LBB> 8-bit gaming has a really distinctive look – what was the process of nailing the look of the game and the characters like? And how tricky was it to create recognisable characters from such a restricted, pixelly palette?
We decided on an 8/16-bit look for a couple of reasons. One, we had no design time and there were only a few of us producing the artwork, so in many ways it helped unify the style. It also makes the images much smaller for people to download. Bjorn, it turned out, was the best amongst us at nailing the caricatures. I think he did a really great job. He managed to summon up the essence of the different nominees with very few pixels. It’s amazing. He comes from a painting background and has quite an impressionistic approach, so I think that translated really well.
LBB> From a production point of view, what were the biggest challenges you faced?
Time. We didn’t have enough of it. There were a fair few late nights and weekends on this job. But the clock was ticking, so we just had to get it out there. I think we’d give ourselves at least three times the amount of time if we were to do this again.
LBB> Is it the first time you’ve had a go at building a game? Is it something you (ETC, The Line) want to do more of in future?
This is the first game The Line has produced. As I mentioned, we teamed up with Max van der Merwe who has experience working on a number of games and interactive projects. He previously worked at UsTwo Games (Monument Valley, Land’s End) and now develops his own games independently. We definitely want to do more of this stuff in future.
We’re pursuing a number of projects already, as well as working on an update to this game which will come out in the lead up to the night.
LBB> There are loads of funny little details in the game – which are your personal favourites and why?
I liked Bjorn’s drawings of DiCaprio in “Act Harder”. So much emotion.
LBB> The game has gone insane, but as far as I know it was pushed out quite organically on Twitter. Why did you decide to push it that way? And what was the point where you realised that it was going to go (excuse the old school terminology) viral?
We put the game out on our social channels, mainly Facebook and Twitter, and we did a video on Instagram, that was it. We’ve done a few things like this before that just spread naturally and we kind of expected the game to be picked up and shared to some extent. Maybe not quite as fast or as widely as it did though. Someone actually leaked the game on Facebook a day before we had finished it and we had to ask them to take it down. The next day, several of our friends were texting us telling us how good our game was. We were kind of surprised. People were actually passing around the unfinished beta version and were already playing it in their offices before it was even out. I think we realised the viral potential of it then.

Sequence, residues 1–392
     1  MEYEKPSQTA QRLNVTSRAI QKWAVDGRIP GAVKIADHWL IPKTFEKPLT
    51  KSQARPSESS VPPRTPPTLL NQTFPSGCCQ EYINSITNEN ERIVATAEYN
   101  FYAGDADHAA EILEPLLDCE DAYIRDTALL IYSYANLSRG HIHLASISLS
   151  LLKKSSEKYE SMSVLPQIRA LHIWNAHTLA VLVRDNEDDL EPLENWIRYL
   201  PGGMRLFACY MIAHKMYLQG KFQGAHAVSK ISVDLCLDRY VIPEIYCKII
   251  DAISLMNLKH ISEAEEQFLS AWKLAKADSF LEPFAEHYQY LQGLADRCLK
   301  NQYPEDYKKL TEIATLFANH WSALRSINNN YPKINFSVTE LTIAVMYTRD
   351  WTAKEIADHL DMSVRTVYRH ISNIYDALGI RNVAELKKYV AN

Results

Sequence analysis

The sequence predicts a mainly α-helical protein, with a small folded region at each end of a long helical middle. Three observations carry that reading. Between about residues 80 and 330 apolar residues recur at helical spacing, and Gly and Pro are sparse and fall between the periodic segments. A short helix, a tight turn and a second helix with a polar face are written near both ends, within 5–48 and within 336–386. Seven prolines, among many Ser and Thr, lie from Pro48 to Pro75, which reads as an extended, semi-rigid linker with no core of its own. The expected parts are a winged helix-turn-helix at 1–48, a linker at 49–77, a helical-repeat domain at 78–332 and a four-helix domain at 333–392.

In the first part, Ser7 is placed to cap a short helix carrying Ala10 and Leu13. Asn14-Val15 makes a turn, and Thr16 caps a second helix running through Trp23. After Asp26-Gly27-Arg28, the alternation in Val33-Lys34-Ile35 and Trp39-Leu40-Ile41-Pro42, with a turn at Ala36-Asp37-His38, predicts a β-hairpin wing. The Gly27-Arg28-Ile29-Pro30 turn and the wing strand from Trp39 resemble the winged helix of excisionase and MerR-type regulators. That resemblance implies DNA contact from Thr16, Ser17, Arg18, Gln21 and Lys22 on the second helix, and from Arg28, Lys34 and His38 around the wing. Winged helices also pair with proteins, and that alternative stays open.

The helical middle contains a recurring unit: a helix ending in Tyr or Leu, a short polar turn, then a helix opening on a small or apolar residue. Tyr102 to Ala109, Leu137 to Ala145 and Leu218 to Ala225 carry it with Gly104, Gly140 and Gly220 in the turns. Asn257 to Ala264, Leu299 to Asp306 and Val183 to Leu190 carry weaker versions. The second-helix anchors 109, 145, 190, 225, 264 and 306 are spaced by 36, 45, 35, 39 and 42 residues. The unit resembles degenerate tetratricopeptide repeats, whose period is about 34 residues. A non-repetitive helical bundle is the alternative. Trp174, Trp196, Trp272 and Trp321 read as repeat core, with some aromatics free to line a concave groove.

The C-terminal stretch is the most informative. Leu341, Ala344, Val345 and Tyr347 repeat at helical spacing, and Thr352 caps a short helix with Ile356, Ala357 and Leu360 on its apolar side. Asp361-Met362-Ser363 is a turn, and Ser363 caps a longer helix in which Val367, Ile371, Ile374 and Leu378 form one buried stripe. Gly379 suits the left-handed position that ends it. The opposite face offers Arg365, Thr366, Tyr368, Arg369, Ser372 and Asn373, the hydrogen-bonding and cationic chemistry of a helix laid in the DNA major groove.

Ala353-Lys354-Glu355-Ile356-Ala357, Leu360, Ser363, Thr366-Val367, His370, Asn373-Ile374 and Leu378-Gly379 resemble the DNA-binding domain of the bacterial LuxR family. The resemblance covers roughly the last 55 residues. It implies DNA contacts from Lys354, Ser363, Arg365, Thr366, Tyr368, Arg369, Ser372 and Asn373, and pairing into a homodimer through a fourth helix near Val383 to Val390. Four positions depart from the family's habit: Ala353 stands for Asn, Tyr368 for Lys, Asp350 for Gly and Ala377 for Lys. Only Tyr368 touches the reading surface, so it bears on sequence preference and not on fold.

LBB> How many plays has the game had since its release?
We’re coming up to 3 million plays in the first week.
LBB> And what’s been your proudest moment watching the global press pick up unfold?
Tuning into Bjorn doing a live-translated five-way round table discussion on Radio Colombia for 15 minutes was pretty weird.
LBB> Do you know if Leo has played it yet? And do you think he’s going to get his Oscar this year?
I think the odds are 100 to 1 for him to win. So I reckon he’s in with a chance. We have no idea if he’s played the game yet but we hope he likes it if/when he does. We have actually made a one-off cheat code especially for Leonardo DiCaprio. All he needs to do is get in touch and he will find out what it does. We’re waiting Leo!
Leo’s Red Carpet Rampage was made by The Line Animation at Electric Theatre Collective.
Game Design by Max Van Der Merwe
Concept, Design and Artwork by Bjorn-Erik Aschim and Sam Taylor
Music by Matt Oglesby Sounds by RedButtonAudio
Website by Tom Loughlin
Made with Construct 2view more - Trends and Insight
Genres: Animation, Comedy
Categories: Gaming, Sports and LeisureElectric Theatre Collective, Wed, 24 Feb 2016 14:59:33 GMT